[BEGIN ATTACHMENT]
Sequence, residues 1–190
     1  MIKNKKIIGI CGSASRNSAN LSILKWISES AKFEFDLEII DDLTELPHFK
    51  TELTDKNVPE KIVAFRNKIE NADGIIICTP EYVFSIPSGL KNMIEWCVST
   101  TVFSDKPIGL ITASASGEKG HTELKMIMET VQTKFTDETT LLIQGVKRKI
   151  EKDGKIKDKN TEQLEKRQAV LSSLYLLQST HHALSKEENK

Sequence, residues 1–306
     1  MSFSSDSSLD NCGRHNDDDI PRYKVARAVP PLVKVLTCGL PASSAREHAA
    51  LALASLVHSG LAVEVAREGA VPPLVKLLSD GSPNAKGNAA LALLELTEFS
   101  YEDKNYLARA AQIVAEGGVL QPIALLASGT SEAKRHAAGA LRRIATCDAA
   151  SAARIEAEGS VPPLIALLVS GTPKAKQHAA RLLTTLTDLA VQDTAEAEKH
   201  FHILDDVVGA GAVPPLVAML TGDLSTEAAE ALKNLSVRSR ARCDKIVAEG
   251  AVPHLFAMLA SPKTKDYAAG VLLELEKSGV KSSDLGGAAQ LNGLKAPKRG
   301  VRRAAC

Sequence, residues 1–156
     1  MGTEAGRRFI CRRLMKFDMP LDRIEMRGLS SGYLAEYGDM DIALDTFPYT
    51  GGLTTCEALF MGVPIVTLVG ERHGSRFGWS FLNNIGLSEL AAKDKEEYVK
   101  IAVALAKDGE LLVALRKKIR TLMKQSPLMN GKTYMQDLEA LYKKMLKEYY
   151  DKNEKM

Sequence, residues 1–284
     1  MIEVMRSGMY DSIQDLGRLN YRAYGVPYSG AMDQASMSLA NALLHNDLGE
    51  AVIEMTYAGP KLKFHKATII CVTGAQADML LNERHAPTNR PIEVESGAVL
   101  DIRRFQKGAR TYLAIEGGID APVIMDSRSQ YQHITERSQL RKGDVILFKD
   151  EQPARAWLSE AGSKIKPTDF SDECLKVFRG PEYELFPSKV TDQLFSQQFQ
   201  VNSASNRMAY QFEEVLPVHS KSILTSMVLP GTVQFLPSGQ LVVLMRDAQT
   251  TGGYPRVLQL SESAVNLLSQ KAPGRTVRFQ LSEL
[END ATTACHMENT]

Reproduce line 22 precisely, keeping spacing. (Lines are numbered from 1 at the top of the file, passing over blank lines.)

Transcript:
   101  DIRRFQKGAR TYLAIEGGID APVIMDSRSQ YQHITERSQL RKGDVILFKD